MyPillow chief sued for defamation by former Dominion Voting employee

MyPillow CEO Mike Lindell speaks to a crowd gathered to hear former president Donald Trump, on 12 March, in Florence, South Carolina.
Mike Lindell speaks to a crowd gathered to hear former president Donald Trump on 12 March, in Florence, South Carolina. Photograph: Meg Kinnard/AP

The chief executive of the bedding company MyPillow, Mike Lindell, has been sued for defamation by a former employee of Dominion Voting Systems.

Eric Coomer, the former employee of the voting machines company that became embroiled in Donald Trump’s false claims that he was denied victory at the 2020 election because of widespread voter fraud, has filed a court complaint against Lindell.

The suit alleges that Lindell, and his media platform Frankspeech, targeted Coomer as part of his “efforts to undermine faith in American democracy and enrich himself in the process”.

  • Who is the MyPillow boss? Mike Lindell is a Trump supporter, conservative activist and conspiracy theorist who supported baseless claims the 2020 election was rigged.

  • What did Lindell say about the lawsuit? “MyPillow and Frankspeech didn’t do nothing,” he said in a statement after being handed the lawsuit at a rally in Denver, Colorado. “They’re trying to cancel Frankspeech, your favorite show!”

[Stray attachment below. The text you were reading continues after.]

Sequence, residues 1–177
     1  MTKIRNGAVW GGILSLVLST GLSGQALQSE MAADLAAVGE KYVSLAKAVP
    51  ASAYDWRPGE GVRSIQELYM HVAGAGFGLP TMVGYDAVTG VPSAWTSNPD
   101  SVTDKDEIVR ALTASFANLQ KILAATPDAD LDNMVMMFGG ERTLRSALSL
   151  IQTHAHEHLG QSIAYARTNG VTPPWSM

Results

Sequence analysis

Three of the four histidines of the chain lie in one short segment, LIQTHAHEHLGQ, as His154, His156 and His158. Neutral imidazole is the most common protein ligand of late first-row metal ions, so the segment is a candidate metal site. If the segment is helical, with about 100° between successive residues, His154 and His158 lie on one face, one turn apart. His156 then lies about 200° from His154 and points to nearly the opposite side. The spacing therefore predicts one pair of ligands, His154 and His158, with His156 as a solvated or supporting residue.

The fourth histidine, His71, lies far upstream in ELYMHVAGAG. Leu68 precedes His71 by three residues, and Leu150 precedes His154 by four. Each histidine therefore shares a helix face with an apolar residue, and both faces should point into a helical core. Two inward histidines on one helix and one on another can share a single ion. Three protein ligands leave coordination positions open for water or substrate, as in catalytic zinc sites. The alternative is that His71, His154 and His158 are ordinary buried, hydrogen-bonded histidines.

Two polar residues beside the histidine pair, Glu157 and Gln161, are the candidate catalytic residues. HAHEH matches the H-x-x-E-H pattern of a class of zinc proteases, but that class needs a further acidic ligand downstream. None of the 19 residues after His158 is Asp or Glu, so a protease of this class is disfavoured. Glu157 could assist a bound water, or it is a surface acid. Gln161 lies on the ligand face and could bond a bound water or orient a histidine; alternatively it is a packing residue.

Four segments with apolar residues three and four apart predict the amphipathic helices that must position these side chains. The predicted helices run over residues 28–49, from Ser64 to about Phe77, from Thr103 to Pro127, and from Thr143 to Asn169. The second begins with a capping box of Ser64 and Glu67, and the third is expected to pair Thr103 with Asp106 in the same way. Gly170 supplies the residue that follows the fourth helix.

In other news …

A state media propaganda image of the North Korean leader, Kim Jong-un, in front of a supposed intercontinental ballistic missile last month.
A state media propaganda image of the North Korean leader, Kim Jong-un, in front of a supposed intercontinental ballistic missile last month. Photograph: KCNA VIA KNS/AFP/Getty Images
  • North Korea could hold a nuclear weapon test next week, a senior US official warned. A potential test, on the 110th anniversary of founder Kim Il-sung’s birth, would be the country’s first in five years. The US state department’s Sung Kim urged North Korea to de-escalate.